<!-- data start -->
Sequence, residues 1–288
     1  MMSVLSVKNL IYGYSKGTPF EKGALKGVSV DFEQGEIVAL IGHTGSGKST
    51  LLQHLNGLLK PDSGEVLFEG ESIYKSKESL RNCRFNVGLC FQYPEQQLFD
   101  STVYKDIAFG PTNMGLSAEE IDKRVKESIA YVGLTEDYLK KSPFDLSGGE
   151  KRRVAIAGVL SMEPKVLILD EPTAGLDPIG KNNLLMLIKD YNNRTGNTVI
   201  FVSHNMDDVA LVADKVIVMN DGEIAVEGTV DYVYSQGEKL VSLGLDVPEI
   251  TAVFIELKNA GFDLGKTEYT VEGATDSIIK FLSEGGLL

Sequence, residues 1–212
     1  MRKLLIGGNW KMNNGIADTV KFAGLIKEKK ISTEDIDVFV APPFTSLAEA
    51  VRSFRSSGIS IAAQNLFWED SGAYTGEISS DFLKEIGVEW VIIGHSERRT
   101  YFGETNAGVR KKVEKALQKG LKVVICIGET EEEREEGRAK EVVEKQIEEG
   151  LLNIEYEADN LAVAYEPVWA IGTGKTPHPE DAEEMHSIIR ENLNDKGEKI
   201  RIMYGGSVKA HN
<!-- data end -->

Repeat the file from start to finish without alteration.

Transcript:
Sequence, residues 1–288
     1  MMSVLSVKNL IYGYSKGTPF EKGALKGVSV DFEQGEIVAL IGHTGSGKST
    51  LLQHLNGLLK PDSGEVLFEG ESIYKSKESL RNCRFNVGLC FQYPEQQLFD
   101  STVYKDIAFG PTNMGLSAEE IDKRVKESIA YVGLTEDYLK KSPFDLSGGE
   151  KRRVAIAGVL SMEPKVLILD EPTAGLDPIG KNNLLMLIKD YNNRTGNTVI
   201  FVSHNMDDVA LVADKVIVMN DGEIAVEGTV DYVYSQGEKL VSLGLDVPEI
   251  TAVFIELKNA GFDLGKTEYT VEGATDSIIK FLSEGGLL

Sequence, residues 1–212
     1  MRKLLIGGNW KMNNGIADTV KFAGLIKEKK ISTEDIDVFV APPFTSLAEA
    51  VRSFRSSGIS IAAQNLFWED SGAYTGEISS DFLKEIGVEW VIIGHSERRT
   101  YFGETNAGVR KKVEKALQKG LKVVICIGET EEEREEGRAK EVVEKQIEEG
   151  LLNIEYEADN LAVAYEPVWA IGTGKTPHPE DAEEMHSIIR ENLNDKGEKI
   201  RIMYGGSVKA HN